Another more practical reason for this coexistence? Advertising. It may be as simple as Japanese advertisers preferring Japanese features to model their products, while Western advertisers prefer Western models to convey their values. However, what is most notable is despite the presence of non-Japanese elements in mainstream Japanese media, they are still largely influenced by Japanese culture. Thus, the image of America and Europe in Japan is an imagined one.
The most significant difference? Slenderness. Among the different images of masculinity in Japan, the most compelling seems to be the slender and almost androgynous body. This is a contrast to the overtly muscular figures that always grace the covers of popular Western magazines.
The Reinvention of the Dandy Style in Japan
In previous eras, a dandy referred to a man who took great care in his neatness and style, both in dress and appearance. This form of elegant fashion also seems to have been adopted by Japan with the introduction of the European style to the country in the late 19th century. This style usually involved the coordination of standard pieces such as the shirt and tie with a jacket or pea coat.
This evolved into different genres of style, including the so-called “boy’s elegance”. The June 2007 issue of Popeye featured Brazilian model Lucas Mascarini in suits and jackets styled in a boyish fashion. Described as “adding sensuality to boyishness”, this parody of classic masculinity further highlights how young Japanese men truly reject the image of the masculine salaryman.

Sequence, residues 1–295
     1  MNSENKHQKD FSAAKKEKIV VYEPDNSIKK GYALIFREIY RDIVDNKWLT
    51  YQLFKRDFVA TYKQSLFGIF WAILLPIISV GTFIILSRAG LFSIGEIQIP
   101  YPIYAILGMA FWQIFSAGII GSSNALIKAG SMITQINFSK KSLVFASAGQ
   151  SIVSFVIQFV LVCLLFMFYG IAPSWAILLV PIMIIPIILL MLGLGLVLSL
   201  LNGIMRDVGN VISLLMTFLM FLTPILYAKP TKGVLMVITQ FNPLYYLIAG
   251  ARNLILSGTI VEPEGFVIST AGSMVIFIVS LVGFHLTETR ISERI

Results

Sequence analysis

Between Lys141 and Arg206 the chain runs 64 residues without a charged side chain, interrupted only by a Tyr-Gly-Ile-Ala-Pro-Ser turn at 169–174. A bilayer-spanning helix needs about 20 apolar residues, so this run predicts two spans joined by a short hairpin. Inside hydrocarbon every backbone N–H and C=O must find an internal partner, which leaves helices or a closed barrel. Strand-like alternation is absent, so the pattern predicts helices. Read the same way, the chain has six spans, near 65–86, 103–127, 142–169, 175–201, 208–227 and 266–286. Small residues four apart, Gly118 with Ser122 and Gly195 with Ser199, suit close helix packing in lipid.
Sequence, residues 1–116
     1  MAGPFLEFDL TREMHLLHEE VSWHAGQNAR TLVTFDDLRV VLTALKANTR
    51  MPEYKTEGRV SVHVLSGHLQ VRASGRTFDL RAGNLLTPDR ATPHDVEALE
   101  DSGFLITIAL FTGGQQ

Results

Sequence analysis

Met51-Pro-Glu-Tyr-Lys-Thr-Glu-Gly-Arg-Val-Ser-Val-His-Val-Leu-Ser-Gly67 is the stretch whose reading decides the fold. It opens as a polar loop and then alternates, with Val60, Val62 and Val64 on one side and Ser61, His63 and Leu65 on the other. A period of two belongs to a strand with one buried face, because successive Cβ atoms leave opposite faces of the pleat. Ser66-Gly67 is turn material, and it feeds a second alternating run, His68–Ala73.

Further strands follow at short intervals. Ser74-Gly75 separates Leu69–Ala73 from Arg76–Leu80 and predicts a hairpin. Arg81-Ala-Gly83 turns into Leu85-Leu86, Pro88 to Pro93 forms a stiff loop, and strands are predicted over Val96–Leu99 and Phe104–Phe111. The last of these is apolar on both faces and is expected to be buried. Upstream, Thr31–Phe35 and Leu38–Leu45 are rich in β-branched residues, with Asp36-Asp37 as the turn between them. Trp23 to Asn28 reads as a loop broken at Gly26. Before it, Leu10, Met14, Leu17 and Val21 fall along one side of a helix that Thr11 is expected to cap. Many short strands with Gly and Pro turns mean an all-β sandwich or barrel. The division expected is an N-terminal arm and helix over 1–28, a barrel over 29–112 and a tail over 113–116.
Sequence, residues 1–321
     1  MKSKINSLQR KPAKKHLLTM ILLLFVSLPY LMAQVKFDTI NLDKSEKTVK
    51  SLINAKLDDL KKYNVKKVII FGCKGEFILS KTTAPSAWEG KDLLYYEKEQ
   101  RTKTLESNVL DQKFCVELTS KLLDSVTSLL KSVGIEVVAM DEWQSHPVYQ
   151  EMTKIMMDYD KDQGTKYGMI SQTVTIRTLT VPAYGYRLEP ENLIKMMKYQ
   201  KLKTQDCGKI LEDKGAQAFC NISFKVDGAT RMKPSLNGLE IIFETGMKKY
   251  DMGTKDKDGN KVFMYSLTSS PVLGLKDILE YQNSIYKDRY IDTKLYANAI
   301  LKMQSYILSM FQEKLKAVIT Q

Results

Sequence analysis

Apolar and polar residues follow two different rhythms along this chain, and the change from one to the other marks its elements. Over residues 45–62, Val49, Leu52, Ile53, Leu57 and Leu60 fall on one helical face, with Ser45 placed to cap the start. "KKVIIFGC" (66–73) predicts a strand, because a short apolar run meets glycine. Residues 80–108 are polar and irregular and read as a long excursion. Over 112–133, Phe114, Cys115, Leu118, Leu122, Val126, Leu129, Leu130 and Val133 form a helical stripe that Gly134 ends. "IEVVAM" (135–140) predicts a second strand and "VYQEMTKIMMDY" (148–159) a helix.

With the typical salaryman being portrayed in a white shirt, dark suit, neat hair, and no accessories, the boyish dandy style signifies their embrace of a more youthful and unconventional style. These magazines offered a whole new world: uniqueness and creativity in fashion, all while remaining business-appropriate and respectable to their peers.
The Two Factors Behind Men’s Fashion-mindedness
There are two seemingly conflicting desires behind why Japanese men have become more fashion-conscious — the pursuit of romance and the desire to look good for themselves. Miller also argues that while women appreciate new styles because of aesthetic and erotic purposes, men’s emphasis on their physical appearance is a way to remove themselves from the typical salaryman image.
On the other hand, Megumi Ushikubo writes that women in their twenties to thirties tend to be more attracted to fashion-minded men rather than those who seem to restrict themselves within rigid gender roles. Both the desire to improve one’s self-image as well as the desire to attract women are key factors as to why Japanese men are so much more fashion-conscious than their Western counterparts.
Thus, as Japanese men begin to embrace all sorts of styles, including those typically for women, the visual difference between the clothes for either gender diminishes. Of course, it should be noted that before the introduction of Western wear in the country, the traditional kimono offered much less distinction between clothes for men and clothes for women. The appeal of the three-piece suit during that time was the division between the two genders — does this mean that the reintroduction of female elements to men’s fashion threaten the idea of “masculinity”? This remains to be seen.
Nevertheless, the one thing clear is that fashion is not merely fashion. It is a way to reject oppressive stereotypes, an avenue with which one can express themselves and their culture, and a tool to blur the divide between people.